Did Russia’s government just confirm UFOs exist? Inside the latest test results
Who hasn’t looked up at the vast night sky and wondered about the unexplained phenomena hovering over us? Get ready, because a new legislation aims to unveil decades-old UFO secrets and find out just what kind of UFO test is necessary to confirm alien life. Does Russia have the UFO test results we all need to see?
In the bustling corridors of Washington, two unlikely allies, Senate Majority Leader Chuck Schumer, a Democrat, and Senator Mike Rounds, a Republican, are joining forces to make this celestial venture possible. Their initiative? A bipartisan measure that will force the U.S. government to let the public in on the mysteries of what they officially term as “unidentified anomalous phenomena,” or UAPs.
The sixty-four-page proposal takes inspiration from a 1992 U.S. law outlining the handling of records related to the 1963 assassination of President John Kennedy.
The power-duo plan to roll out this measure as an amendment to a comprehensive legislation that’s set to authorize U.S. defense funding for the fiscal year starting in October. Schumer, with his political clout, is likely to attract the support of his Democratic peers. Meanwhile, Rounds, serving on the Senate’s Intelligence and Armed Services committees, brings the necessary credibility to this mission.
Schumer said in a recent statement that it’s “long past time” Americans get answers to their fascination with objects mysterious and unexplained, asserting the public “has a right to learn about technologies of unknown origins, non-human intelligence and unexplainable phenomena.”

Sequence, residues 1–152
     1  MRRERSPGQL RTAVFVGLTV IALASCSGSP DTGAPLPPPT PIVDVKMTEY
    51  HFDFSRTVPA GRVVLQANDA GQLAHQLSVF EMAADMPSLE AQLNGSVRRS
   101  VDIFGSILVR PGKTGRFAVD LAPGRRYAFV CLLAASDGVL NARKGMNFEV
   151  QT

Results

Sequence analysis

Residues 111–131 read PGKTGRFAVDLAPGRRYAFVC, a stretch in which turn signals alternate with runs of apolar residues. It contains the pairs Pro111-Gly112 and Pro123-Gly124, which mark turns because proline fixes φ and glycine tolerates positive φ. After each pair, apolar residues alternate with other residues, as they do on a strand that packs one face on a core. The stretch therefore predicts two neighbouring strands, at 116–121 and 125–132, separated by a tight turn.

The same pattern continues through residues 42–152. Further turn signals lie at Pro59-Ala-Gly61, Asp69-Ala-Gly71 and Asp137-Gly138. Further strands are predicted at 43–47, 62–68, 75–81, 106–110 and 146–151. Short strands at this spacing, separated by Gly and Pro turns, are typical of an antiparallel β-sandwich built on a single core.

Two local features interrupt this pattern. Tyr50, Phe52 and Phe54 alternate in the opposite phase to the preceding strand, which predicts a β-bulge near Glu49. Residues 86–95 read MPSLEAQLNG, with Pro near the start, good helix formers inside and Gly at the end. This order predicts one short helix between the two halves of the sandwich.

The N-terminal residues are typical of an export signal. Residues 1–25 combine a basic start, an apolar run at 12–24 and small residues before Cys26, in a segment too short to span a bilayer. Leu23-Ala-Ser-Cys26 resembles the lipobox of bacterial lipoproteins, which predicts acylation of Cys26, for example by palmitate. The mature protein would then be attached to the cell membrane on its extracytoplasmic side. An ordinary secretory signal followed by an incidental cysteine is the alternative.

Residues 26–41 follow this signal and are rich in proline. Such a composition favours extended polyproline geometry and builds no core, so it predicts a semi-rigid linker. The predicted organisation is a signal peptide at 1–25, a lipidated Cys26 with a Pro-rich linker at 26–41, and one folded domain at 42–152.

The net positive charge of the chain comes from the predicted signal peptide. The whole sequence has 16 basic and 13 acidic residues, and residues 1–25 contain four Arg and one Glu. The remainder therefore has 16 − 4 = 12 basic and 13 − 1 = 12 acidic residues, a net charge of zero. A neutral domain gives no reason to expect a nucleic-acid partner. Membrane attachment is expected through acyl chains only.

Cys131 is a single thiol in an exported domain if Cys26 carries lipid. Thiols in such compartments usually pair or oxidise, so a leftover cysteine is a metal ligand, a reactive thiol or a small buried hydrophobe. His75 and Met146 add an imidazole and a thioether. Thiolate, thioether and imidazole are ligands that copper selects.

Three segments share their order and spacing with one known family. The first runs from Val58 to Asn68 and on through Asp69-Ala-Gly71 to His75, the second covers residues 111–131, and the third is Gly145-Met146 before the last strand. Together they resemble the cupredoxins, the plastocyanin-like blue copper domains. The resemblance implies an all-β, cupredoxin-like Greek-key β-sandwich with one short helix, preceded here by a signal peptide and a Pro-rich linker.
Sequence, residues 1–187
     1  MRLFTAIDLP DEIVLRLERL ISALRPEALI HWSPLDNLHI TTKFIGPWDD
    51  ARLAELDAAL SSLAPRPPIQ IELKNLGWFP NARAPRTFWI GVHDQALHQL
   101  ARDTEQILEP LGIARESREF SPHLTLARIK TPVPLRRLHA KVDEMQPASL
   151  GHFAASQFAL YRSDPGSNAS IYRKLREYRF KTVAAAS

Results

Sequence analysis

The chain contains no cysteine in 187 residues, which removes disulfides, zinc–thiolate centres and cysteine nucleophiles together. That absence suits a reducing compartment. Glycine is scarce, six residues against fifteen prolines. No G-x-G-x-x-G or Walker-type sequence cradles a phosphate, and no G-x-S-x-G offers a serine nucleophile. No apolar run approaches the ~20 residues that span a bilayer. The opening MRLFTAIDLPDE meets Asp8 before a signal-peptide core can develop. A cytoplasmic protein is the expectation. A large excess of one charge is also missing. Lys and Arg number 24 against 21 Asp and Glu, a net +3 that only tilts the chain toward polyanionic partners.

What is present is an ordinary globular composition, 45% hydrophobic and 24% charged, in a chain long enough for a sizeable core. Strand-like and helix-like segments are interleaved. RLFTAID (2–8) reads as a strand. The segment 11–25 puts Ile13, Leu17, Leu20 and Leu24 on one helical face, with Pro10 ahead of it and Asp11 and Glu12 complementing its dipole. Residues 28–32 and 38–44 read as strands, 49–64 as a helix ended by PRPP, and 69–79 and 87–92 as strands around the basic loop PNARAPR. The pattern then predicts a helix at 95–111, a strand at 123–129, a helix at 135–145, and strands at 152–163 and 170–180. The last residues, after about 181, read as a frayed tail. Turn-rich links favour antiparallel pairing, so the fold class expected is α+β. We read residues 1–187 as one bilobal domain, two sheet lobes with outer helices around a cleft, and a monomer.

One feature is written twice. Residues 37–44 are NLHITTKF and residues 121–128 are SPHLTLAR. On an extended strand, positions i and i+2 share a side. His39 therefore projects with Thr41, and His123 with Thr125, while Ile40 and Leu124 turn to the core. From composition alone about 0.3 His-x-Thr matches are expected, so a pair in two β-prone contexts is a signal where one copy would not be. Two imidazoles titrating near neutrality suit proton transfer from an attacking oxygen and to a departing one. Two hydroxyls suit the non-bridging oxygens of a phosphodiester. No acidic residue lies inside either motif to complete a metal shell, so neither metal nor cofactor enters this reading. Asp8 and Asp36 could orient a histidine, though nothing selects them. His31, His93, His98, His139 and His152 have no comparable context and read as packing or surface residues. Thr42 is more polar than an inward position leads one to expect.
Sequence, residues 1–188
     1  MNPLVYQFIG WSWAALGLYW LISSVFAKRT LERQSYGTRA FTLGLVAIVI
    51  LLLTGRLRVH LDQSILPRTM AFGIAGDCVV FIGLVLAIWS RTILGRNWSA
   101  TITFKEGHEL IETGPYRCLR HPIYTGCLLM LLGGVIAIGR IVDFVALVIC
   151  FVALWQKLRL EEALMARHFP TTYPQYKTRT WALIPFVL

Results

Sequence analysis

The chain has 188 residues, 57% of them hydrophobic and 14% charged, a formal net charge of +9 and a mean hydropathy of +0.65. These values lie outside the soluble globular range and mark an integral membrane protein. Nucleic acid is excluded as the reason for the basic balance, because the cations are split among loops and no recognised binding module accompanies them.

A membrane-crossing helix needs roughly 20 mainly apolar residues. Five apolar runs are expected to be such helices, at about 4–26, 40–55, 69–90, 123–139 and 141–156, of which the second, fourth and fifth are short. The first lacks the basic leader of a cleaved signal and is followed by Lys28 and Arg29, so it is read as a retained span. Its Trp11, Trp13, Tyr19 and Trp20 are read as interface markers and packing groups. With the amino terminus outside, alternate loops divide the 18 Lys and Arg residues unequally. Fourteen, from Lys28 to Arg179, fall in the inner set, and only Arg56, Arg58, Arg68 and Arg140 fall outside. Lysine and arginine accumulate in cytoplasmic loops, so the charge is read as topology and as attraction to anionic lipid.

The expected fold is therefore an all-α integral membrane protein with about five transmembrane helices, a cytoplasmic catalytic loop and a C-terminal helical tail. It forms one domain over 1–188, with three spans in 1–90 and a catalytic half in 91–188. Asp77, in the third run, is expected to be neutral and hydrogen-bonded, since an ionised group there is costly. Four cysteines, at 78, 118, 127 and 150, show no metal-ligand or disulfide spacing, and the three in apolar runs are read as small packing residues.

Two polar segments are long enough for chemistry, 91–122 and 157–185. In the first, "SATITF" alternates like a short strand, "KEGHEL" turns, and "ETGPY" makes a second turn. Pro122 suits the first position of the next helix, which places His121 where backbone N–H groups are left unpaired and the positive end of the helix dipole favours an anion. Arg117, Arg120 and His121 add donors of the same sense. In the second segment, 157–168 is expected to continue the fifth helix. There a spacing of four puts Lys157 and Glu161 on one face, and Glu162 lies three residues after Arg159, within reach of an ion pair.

The Disclosure Blueprint
The amendment stipulates that the U.S. National Archives and Records Administration collate UAP records from all relevant government offices under “a presumption of immediate disclosure.” A review board will then be tasked with providing justification for any classified documents.
Rounds highlighted that the primary objective is “to assure credibility with regard to any investigation or record keeping of materials” linked with UAPs.
Per this legislation, all records need to be fully disclosed to the public within twenty-five years of their creation unless the U.S. president certifies that their continued concealment is necessary for national security reasons.
The legislation also outlines the federal government’s “eminent domain” over any recovered technologies of unknown origin and any biological evidence of “non-human intelligence” that may currently be in private hands.
Schumer is championing a cause that was first pushed by the late Democratic Senator Harry Reid, who served as Senate majority leader from 2007 to 2015.
Despite the government’s previously dismissive stance on UFO sightings, recent years have witnessed a shift towards openness. This was epitomized by a pivotal unclassified report in 2021 detailing observations, primarily from U.S. Navy personnel, dating back to 2004.
The Pentagon has explored numerous unexplained sightings reported by military aviators, and NASA even formed a special panel for UAP investigation. However, the panel voiced concerns in May about their study being constrained by limited high-quality data and the stigma surrounding unidentified skyward objects.
As this game-changing legislation finds its way through Congress, one can’t help but wonder: Are we ready for the secrets hidden in the shadows of our skies to be brought into the light? Are we prepared for the answers we might find?